When you think of retirement, what comes to mind? Perhaps you imagine spending time with loved ones, traveling, or pursuing a hobby. From relaxing beach vacations to sunny days on the golf course, your ideal retirement days may look idyllic.
You may have other thoughts, however, once the reality of paying for your retirement sets in. Then, you may begin to wonder if you’ll even have enough money to last your lifetime.
Currently, you may be five, 10 or 15 years away from when you plan to retire. Chances are you’ve been disciplined about saving for retirement, diligently socking away money in your IRA or employer-sponsored plan, such as a 401(k).
Saving is important, but it’s only half the battle when it comes to turning your retirement dreams into financial reality. A plan for taking income, otherwise known as “de-accumulation” or “distribution,” can be just as crucial for your golden years. While taking income sounds simple, you want to ensure that you have a plan that will help you live the retirement you want – and you don’t wind up a “day long and a dollar short.”
From accumulation to income
Creating a retirement income strategy that addresses when and how to convert your savings into a regular “retirement paycheck” can help guide you through the transition. After all, you’ve probably come to rely on a steady paycheck. You may know exactly how much each paycheck is and what expenses it covers – from housing, groceries, transportation and general bills to dining out, traveling and entertainment.
Now, consider how this income/expense dynamic will play out once you retire. Have you thought about the kind of expenses you’ll have in your golden years? Or about how much income you’ll need, and where it will come from?
Steps to get started
Let’s face it. Retirement can be expensive. That’s why it’s so important to save as much as you can now so you can build your own personal income plan. Here are some steps to help you get started in developing a more “holistic” retirement income strategy:
- Identify your retirement needs. Work with your financial professional to estimate the expenses you expect to have once you retire. Be sure to include essential expenses (food, housing and medical expenses) as well as lifestyle expenses (things you want but don’t actually need to survive).
- Estimate how much of your pre-retirement income you’ll need to replace in order to meet your needs. This step will help you understand the true cost of the retirement lifestyle you’d like to have. For instance, you may opt for a more modest lifestyle in order to leave more money to your heirs.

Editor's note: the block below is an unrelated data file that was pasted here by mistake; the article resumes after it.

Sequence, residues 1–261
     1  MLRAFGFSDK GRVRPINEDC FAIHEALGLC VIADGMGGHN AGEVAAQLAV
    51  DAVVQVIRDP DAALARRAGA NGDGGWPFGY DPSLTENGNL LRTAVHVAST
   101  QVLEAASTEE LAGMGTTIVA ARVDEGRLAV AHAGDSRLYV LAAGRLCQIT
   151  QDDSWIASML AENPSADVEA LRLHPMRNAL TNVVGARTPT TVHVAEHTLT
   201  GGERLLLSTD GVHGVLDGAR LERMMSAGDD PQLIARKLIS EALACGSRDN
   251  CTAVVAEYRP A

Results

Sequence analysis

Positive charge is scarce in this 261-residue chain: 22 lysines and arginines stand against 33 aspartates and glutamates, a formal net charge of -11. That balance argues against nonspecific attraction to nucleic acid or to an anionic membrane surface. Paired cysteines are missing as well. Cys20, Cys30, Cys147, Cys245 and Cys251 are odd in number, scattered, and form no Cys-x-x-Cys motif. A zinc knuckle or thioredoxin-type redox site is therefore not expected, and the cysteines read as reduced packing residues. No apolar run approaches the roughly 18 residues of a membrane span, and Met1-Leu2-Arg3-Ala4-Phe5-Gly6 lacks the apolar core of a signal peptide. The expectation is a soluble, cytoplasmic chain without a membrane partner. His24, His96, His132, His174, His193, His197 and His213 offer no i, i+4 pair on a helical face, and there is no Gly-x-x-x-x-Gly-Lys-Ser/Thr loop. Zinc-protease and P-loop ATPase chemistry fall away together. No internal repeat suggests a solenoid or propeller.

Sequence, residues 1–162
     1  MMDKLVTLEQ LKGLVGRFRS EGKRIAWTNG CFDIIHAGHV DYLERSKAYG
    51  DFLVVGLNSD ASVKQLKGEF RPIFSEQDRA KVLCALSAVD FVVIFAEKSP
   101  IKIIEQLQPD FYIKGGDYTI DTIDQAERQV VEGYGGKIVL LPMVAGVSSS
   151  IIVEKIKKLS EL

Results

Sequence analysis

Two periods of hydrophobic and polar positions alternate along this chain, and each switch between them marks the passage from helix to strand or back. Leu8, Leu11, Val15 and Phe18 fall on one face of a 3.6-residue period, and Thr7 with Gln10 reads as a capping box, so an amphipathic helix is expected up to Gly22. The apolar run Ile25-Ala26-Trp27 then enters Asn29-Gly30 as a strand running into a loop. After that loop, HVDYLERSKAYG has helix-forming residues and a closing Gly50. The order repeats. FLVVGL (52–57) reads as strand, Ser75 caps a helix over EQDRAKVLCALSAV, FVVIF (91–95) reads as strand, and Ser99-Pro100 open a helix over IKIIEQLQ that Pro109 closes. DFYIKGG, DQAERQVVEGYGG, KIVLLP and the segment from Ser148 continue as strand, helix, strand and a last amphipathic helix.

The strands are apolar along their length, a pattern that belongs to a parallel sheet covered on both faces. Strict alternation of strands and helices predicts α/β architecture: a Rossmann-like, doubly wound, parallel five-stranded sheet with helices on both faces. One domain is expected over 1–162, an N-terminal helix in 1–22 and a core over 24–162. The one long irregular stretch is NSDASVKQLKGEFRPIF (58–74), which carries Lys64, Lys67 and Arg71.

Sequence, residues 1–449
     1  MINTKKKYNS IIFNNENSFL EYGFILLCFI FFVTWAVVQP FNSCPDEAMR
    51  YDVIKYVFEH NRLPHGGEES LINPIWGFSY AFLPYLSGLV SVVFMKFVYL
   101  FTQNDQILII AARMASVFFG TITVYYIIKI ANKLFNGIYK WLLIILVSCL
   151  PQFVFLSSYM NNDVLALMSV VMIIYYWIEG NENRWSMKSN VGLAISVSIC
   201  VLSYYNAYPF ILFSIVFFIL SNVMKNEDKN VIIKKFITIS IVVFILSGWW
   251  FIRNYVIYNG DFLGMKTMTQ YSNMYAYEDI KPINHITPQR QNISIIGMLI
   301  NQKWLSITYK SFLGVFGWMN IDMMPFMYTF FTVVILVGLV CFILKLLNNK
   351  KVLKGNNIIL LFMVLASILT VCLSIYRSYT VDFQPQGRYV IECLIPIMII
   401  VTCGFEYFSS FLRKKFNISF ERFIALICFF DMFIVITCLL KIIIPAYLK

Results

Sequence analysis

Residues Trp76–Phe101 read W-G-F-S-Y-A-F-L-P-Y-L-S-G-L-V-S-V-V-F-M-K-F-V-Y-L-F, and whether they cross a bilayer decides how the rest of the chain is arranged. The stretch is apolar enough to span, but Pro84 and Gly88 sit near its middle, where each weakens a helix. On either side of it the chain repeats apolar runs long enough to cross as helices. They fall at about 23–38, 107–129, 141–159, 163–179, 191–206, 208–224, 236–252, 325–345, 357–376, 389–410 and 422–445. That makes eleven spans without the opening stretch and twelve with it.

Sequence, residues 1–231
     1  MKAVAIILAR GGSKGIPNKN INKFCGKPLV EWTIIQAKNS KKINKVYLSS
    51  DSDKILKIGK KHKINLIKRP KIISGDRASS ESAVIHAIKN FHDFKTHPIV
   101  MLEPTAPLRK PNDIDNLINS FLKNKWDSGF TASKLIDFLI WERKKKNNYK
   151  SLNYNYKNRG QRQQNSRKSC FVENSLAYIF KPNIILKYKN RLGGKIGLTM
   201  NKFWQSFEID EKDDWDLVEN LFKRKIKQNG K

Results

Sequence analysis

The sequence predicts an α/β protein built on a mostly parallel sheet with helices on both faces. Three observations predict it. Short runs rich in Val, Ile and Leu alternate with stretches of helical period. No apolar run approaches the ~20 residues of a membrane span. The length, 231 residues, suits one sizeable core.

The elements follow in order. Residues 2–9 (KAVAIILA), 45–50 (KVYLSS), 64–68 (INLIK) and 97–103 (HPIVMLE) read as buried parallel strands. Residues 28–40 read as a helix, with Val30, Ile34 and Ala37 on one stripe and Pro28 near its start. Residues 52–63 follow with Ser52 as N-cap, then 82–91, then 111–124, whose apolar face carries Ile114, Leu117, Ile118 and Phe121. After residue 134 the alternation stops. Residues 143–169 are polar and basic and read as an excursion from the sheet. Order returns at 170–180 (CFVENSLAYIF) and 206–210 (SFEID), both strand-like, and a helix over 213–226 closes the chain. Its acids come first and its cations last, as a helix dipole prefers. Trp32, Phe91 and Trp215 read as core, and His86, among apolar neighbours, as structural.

- Create a “buffer” for potential retirement risks. Retirement can include a number of gray areas that you may need to address. From unexpected health care-related expenses to caring for aging parents, there are many uncertainties. Other key risks to consider are:
- Longevity risk – You look forward to a long, happy and healthy retirement. But you also want to ensure you don’t outlive your assets.
- Withdrawal rate risk – Draw down your assets too quickly, and you’ll be unable to meet future needs.
- Sequence of returns risk – An unfavorable market environment can have a big impact on your retirement savings. If you experience a high proportion of negative returns early in retirement it will reduce the amount of income you can withdraw later.
- Inflation risk – This involves potential loss in purchasing power due to rising costs of good and services.
- Identify retirement income sources. When you transition from full-time employment to retirement, you’ll no longer receive the regular paycheck you’ve come to depend on. Retirement income sources, such as Social Security, company pensions and annuities can help give you a regular, guaranteed stream of income that may last your lifetime.
- Develop a retirement income timeline. Map out how and when you’ll take payments from your retirement income sources. Again, work with your financial professional to help you through this essential step.
The time is now
Your retirement may be one of the longest chapters of your life. Why not plan ahead so you can achieve the future you want? Be proactive and take control of your financial future by contacting your financial professional today.